The experience of “coming to the body” is not something that I ever thought would be my saving grace. But time and time again, when life presents challenging circumstances, “coming to the body” supports me. That support starts when I register my body is breathing or my body has weight. These two tools bring me out of a reaction to life’s events and into a relationship with myself. From that place of relating to myself, I am able to relate to the circumstances that present themselves from the perspective of connection and well-wishing.
An interview by Arlie Mischeaux, Breema Center Staff
I have always had a deep relationship with Self-Breema. I learned some in the 1980s, and though I knew nothing about the philosophy, I found them very nourishing and calming. Many of the Self-Breema exercises I do are like old friends. After having done so much Self-Breema this year (typically, my practice includes 5-10 exercises in a row, done once or twice a day—in addition to attending many of the online classes each week), I also found that I’ve become much more receptive to my own touch! I experience both giving and receiving the bodywork to and from myself simultaneously. This is really a new level of receptivity for me! And it nourishes my desire to give to myself. Practicing Self-Breema has become like food—necessary nourishment for every single day. Continue reading “The Whole of Existence Is in Constant Motion by Karen Burt-Imira”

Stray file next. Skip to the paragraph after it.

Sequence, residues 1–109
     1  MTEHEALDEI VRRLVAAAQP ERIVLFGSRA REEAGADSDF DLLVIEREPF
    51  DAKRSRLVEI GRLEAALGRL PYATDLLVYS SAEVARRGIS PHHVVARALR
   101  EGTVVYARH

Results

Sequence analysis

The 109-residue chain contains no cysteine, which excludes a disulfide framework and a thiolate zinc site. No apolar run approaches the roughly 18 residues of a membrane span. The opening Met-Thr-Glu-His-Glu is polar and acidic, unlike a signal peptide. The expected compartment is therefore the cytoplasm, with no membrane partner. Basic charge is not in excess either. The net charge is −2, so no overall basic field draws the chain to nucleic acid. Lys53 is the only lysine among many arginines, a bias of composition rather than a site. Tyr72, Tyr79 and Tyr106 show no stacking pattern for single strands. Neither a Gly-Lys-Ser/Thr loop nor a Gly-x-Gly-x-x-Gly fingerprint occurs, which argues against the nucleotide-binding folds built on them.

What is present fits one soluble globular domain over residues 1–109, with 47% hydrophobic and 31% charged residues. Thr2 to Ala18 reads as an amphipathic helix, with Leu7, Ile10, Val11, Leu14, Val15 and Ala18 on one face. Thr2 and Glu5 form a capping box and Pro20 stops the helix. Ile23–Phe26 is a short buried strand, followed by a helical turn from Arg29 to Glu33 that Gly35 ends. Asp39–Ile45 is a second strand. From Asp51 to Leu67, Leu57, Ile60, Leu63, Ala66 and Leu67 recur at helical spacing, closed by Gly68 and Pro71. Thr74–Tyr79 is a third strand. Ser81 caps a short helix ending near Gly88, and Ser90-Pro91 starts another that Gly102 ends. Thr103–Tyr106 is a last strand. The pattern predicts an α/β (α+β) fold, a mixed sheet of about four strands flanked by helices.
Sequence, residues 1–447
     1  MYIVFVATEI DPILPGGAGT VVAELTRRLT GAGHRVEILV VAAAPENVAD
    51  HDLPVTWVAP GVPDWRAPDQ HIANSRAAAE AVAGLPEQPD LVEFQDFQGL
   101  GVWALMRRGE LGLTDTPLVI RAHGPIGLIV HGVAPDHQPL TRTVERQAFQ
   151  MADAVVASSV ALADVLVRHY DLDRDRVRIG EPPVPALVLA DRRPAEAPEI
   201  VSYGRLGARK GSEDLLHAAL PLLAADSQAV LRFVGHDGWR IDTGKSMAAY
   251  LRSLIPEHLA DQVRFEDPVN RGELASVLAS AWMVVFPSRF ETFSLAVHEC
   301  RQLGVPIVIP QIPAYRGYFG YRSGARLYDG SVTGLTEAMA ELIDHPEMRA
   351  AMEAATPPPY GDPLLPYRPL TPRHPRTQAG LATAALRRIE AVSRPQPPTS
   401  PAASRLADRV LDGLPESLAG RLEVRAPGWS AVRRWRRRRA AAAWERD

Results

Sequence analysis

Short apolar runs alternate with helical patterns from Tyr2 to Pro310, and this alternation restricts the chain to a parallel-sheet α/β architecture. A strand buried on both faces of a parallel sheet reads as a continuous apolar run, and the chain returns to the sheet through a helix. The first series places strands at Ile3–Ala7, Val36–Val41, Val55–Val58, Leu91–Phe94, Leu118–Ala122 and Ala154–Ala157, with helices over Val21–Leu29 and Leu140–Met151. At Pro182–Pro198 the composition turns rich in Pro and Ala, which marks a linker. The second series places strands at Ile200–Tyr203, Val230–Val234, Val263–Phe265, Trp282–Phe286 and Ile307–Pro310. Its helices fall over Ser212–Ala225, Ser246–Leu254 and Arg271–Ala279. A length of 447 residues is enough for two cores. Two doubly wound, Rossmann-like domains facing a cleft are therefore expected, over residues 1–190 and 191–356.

Yesterday, after spending the day in computer meetings, I noticed how low my energy was, as well as my mood. Yet when it came time to go to bed, I found myself aimlessly scrolling on my phone.
Today I taught a virtual Self-Breema class. I saw how, over the course of the class, my energy began to increase. Even though the class was online, my focus was inward, and not out at the screen. As I tapped on my legs as part of the exercise, I experienced the vitalizing effect of receiving Breema. This deepened when I worked with relaxing my hands and brought in the principle of No Hurry/No Pause.
While at the grocery store the other day ready to check out, I looked from line to line doing my best to figure out which line would be the quickest. I waited anxiously for my turn as I continued to scan the other lines to determine if I had made the “right” choice. Still considering if I should make a last minute change, I began to unload my groceries on the conveyor belt just as the cashier asked for a price check over the store intercom. Frustration and anxiety were my first reactions before realizing there was nothing I could do to change my current situation, but there was something I could do to change my relationship to it. Continue reading “Relating to Life in This Moment by Steve Brodsky”